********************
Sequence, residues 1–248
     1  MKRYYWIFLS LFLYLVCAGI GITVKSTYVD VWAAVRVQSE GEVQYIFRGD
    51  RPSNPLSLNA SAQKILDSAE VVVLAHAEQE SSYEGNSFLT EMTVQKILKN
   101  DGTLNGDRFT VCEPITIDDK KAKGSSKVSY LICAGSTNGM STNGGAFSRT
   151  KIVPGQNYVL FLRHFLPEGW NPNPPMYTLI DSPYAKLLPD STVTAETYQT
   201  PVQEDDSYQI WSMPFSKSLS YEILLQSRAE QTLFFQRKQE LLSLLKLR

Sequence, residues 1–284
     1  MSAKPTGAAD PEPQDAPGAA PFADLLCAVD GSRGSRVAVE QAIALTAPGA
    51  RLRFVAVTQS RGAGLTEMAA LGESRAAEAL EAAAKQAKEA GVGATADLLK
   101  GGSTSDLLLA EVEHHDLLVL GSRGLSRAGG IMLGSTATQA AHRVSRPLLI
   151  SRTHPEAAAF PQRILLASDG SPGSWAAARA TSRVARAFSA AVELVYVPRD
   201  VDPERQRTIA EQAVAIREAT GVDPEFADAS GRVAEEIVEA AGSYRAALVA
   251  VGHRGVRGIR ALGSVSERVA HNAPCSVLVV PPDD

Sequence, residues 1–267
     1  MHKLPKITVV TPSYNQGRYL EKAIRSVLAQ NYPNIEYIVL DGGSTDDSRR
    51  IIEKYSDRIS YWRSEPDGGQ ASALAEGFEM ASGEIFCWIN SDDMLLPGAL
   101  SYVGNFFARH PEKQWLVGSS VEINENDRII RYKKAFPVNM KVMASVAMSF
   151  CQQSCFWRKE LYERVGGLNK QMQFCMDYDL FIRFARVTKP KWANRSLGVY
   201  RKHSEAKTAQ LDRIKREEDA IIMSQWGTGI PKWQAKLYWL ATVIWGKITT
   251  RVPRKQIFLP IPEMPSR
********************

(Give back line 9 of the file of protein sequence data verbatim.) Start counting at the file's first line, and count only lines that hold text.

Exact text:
    51  RLRFVAVTQS RGAGLTEMAA LGESRAAEAL EAAAKQAKEA GVGATADLLK